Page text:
Mainstreaming climate finance into international public financial flows: What role for the G20?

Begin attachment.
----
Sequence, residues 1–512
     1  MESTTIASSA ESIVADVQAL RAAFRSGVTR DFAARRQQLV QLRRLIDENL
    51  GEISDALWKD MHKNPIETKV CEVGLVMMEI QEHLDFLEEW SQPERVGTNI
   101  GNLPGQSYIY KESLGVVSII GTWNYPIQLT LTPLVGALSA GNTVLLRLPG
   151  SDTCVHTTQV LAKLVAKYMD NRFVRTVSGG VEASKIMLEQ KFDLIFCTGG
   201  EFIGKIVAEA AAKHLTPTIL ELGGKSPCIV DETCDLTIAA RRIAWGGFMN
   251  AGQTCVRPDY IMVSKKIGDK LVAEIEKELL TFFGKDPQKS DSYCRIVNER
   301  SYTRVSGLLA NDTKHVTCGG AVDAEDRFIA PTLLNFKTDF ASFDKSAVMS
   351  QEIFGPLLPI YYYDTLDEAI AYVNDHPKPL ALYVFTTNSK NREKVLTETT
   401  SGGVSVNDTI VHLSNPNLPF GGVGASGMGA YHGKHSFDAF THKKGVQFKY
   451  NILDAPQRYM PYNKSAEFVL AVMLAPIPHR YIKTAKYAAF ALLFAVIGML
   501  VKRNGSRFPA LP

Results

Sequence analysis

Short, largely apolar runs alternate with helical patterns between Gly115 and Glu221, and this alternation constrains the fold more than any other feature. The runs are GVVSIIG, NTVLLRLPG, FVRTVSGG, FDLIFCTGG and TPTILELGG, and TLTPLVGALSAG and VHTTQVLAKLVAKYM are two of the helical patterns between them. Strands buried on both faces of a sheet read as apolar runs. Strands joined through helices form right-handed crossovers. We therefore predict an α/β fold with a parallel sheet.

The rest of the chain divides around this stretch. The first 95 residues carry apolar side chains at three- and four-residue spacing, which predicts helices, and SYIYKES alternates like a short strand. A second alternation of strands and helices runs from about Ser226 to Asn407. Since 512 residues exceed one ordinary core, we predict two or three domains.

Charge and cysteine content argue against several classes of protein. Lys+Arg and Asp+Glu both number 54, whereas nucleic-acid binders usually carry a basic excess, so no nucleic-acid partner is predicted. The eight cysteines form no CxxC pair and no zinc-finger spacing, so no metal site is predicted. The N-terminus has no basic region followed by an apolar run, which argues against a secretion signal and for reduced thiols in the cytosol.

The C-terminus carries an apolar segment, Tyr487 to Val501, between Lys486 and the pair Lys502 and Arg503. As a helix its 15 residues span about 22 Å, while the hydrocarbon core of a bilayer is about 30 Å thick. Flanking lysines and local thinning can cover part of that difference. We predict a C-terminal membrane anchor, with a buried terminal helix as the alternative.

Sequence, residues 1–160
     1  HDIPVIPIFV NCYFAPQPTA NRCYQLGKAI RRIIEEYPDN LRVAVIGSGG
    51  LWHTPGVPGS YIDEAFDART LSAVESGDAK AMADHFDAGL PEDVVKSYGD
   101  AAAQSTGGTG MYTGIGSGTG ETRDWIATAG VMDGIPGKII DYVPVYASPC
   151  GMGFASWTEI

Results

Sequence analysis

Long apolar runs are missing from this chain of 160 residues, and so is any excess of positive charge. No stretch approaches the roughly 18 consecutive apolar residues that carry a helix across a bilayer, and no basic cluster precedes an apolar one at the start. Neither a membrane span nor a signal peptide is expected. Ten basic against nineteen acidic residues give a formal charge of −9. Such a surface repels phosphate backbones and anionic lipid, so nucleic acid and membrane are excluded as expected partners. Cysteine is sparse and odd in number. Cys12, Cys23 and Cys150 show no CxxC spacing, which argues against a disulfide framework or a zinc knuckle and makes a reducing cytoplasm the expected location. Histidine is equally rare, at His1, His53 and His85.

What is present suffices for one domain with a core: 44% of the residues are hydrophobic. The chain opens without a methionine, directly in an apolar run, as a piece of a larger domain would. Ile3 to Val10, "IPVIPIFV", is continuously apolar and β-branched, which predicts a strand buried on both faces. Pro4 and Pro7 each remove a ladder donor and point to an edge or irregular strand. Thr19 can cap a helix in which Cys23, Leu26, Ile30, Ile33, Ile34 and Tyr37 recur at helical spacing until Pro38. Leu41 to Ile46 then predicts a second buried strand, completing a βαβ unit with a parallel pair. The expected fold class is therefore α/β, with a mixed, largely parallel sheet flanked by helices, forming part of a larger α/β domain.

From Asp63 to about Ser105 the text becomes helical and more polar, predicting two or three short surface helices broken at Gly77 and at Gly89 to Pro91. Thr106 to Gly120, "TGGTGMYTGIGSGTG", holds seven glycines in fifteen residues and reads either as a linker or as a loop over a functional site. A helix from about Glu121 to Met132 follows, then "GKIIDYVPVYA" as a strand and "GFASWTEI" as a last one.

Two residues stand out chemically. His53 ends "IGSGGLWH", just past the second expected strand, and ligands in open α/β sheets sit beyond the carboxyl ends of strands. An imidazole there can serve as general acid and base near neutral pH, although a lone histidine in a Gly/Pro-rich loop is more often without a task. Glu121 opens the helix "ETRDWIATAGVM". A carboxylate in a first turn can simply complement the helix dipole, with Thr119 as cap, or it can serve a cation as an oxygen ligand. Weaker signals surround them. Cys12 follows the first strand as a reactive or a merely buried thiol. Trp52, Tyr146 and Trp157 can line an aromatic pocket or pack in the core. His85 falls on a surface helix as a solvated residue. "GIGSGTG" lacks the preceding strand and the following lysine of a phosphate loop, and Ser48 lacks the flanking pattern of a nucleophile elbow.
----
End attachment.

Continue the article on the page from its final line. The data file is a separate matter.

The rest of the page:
The adoption of the Paris Climate Agreement and the Sustainable Development Goals in 2015 firmly anchored the issue of climate change at the centre of international and national development policy. These agreements set out an ambitious set of universal targets, as well as national policy engagements (in the field of climate change, nationally determined contributions). The issue of finance is at the heart of these policy agendas. This Issue Brief examines the role of the G20 and related institutions in driving the mainstreaming of climate change into international public finance. The transition to low-carbon, climate-resilient economies will require a large-scale shift of investment from high to low-carbon sectors. The scale of this shift means that private (and mostly domestic) capital will be crucial to this transition. In line with this, the Paris Agreement sets the objective of “making finance flows consistent with a pathway towards low greenhouse gas emissions and climate-resilient development” (UNFCCC 2015, Article 2.1c). However, domestic public capital can provide an important catalyst; and international public flows will be even more important for poorer, vulnerable countries; and for activities where market failures mean that private capital will not invest. This paper argues that the G20 can make an important contribution to this objective of mainstreaming climate concerns into public financial flows. This holds also of private financial flows, although this paper limits itself to public financial flows.